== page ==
Lucas Imel demonstrates the hard drive shredding machineAs a department of UNT Property Management, the Surplus Warehouse is the location for the end-stage disposition of inventoried university property. Lucas Imel, ('10, B.S.), Surplus Warehouse lead, oversees the operation that stretches a quarter of a mile from one end to the other. Working with Gary Heldman, warehouse clerk, Imel is on his feet most of the day, he said.

"I usually log about 10,000 to 13,000 steps a day here in the warehouse," Imel said. Organizing and supervising receiving and shipping activities, loading and unloading of goods and materials requires comfortable shoes, no doubt. The use of a large number of electronics at UNT involves not only proper end-of-life disposition of obsolete equipment but also tracking each of those items and working to keep it out of the landfill. We also recycle around 400,000 pounds a year of other various items, he said.

So how do you dispose of a computer? You will find the information in Title 10, Subtitle D, Chapter 2175, Sec. 2175.905. Yes, there is more to disposing of a computer than sending it to the landfill.

Further reading of the code, you will find under Section 2175.184 that the disposition of a state agency's surplus equipment or data processing equipment deemed as salvage has to be transferred to another department within 10 days, or the state agency shall transfer the equipment to:

(1)  a school district or open-enrollment charter school in this state under Subchapter C, Chapter 32, Education Code;
(2)  an assistance organization specified by the school district; or
(3)  the Texas Department of Criminal Justice.

If you are wondering about computer data safety, Imel has a 7,000-pound hard-drive shredder. View the video on this page of a generic shredder in action. All of the elements will be physically dismantled and destroyed, so if there is any data left on a computer, it will be destroyed through the shredding process. Electronics contain valuable precious metals such as gold, silver, platinum, palladium, copper, tin, and zinc that can be recovered and used to make jewelry, plating, new electronics, or automotive parts, Imel says. Plastic components can become parts of new electronic devices or even turned into another plastic product like garden furniture.

"My goal is to keep stuff out of the landfill," Imel says. Opening the warehouse for other UNT departments to participate in a swap from one department to another keeps him on his feet too. Every Tuesday from 9 a.m. to 1 p.m. and Thursdays, 9 a.m. to noon, items may be identified by UNT employees for campus use. Imel also manages the sales every Tuesday from 9 a.m. to 1 p.m. that are open to the public.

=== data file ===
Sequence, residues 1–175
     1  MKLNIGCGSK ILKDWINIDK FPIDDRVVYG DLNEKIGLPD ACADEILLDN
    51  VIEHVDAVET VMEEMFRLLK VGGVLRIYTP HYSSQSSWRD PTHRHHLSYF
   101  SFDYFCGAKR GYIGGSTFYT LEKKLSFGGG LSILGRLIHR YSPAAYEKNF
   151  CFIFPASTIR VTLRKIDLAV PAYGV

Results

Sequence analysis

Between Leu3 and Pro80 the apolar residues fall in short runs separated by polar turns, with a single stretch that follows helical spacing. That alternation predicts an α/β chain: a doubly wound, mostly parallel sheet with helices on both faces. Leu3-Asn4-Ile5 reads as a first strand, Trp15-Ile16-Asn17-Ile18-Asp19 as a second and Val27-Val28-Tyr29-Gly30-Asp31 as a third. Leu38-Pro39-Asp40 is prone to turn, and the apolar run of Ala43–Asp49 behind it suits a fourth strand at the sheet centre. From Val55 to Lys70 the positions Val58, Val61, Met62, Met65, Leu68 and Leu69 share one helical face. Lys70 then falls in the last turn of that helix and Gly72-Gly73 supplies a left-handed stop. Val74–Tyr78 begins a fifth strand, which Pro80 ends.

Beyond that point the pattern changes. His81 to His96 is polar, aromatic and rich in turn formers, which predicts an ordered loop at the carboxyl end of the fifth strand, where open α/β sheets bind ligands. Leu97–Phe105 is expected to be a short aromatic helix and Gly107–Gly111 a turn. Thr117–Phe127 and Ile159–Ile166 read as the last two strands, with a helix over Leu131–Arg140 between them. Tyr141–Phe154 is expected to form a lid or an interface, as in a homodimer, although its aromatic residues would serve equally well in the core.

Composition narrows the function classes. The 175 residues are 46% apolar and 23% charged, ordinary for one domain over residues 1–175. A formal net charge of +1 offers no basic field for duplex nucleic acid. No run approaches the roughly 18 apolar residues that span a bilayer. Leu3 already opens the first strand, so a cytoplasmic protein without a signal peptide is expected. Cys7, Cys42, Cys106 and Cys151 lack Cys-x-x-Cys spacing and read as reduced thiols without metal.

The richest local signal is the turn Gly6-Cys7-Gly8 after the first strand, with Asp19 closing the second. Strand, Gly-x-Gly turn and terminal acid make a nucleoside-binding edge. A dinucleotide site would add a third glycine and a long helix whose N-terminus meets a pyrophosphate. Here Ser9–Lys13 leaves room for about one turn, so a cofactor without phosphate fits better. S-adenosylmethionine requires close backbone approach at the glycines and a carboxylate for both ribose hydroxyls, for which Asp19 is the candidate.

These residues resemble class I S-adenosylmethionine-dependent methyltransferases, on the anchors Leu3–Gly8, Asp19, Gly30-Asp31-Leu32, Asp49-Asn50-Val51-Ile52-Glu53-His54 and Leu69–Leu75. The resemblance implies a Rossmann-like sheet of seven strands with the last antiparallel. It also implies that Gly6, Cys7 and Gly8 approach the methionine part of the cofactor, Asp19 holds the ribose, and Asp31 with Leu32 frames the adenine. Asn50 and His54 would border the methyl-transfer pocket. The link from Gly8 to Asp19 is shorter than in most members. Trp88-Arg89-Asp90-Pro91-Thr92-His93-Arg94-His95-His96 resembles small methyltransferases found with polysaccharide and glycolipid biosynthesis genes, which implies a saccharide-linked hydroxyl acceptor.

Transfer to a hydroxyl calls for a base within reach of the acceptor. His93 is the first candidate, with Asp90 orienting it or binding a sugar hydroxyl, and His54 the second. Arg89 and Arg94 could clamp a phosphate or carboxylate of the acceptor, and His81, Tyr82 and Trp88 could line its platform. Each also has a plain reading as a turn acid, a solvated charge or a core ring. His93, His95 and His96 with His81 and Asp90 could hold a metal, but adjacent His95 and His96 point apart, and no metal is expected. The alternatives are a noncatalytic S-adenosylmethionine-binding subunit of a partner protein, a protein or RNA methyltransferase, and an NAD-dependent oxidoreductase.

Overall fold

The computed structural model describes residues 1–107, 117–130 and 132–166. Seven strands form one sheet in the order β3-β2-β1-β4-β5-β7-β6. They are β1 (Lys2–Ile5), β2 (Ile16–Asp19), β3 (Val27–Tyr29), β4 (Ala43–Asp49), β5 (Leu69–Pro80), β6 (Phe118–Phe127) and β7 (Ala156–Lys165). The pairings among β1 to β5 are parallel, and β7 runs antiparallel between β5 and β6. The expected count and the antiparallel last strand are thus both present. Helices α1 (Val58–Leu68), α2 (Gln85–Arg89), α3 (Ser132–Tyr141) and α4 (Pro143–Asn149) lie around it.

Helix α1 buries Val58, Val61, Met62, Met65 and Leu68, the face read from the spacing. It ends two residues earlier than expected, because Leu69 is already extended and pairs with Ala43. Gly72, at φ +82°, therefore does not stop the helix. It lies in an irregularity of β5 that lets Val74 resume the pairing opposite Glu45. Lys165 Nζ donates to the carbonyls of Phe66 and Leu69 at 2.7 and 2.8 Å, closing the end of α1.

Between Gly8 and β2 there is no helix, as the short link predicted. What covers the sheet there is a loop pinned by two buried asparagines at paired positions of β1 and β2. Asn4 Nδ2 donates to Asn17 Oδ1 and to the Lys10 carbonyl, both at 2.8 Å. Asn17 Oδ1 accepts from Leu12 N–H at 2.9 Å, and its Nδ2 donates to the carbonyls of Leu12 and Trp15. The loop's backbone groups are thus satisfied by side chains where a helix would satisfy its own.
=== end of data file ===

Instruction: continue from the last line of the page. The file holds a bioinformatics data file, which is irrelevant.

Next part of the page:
Risk Management: Batteries and other hazardous waste

Other e-related waste such as batteries are under the management of UNT Risk Management Services Waste Management. Three types of batteries power the laptops you find in service today, nickel cadmium (NiCad), nickel metal hydride (NiMH), and lithium ion (Li-ion), with Li-ion being the most common in newer laptops. Each battery type has a different chemistry for generating a charge and, therefore, different characteristics, but at UNT these items go through the Risk Management office for proper disposal.

"Alkaline batteries can be thrown in the regular trash, but many departments and offices often ask for them to be picked up, so we don’t turn them down and we don’t throw them in the trash. We send them off for recycling or proper disposal," said Karla Henson, environmental program manager, UNT Risk Management Services.

Karla Henson placing materials on the bed of a truckThe hazardous materials pick-up-request form on the Risk Management website is the best way to ensure old batteries or any waste for that matter is picked up by Risk Management. As for designating a Satellite Accumulation Area, batteries are handled differently and don’t require one. However, the following information is a general guideline for the way most batteries are handled across campus.

  • Lead-acid batteries are exempt from hazardous waste regulations without managing them as a universal waste if they are sent to a recycler; however, Risk Management will pick them up and send them off with our universal waste shipments.
  • Universal waste batteries include rechargeable batteries such as Ni-Cad, lithium, and mercury batteries.
  • Alkaline batteries or non-rechargeable batteries can also be accumulated as Universal Waste, but can be recycled without being considered Universal Waste.  As a side note, Risk Management takes them and ship them off as Universal Waste. 
  • Lithium batteries should be placed in separate containers and electrical tape or other non-conductive material wrapped around the electrodes to ensure they don’t come into contact with other conductive surfaces as they can easily catch fire.
  • Batteries (small ones) should be placed in a plastic container and clearly labeled as Universal Waste or Used Batteries.  Since batteries tend to leak corrosive substances it’s always best to containerize them in some type of plastic container.
  • If you want to designate an area for Universal Waste Batteries, that is up to the department/office, but it’s not required. It is, however, good practice.

Easy things you can doUse the correct receptacle for recycling

  • Wash out your plastics before recycling
  • Put cream in before you add your coffee, the coffee stream will mix it – no need for a stirrer
  • Be prepared – bring your own shopping bag when shopping
  • Get a reusable water bottle
  • For more information, check the Keep America Beautiful Recycling website.

Editor's Note: Please note that information in each edition of Benchmarks Online is likely to change or degrade over time, especially the links to various websites. For current information on a specific topic, search the UNT website, UNT's UIT Help Desk or the world wide web. Email your questions and comments to the UNT University Information Technology Department or call 940-565-4068.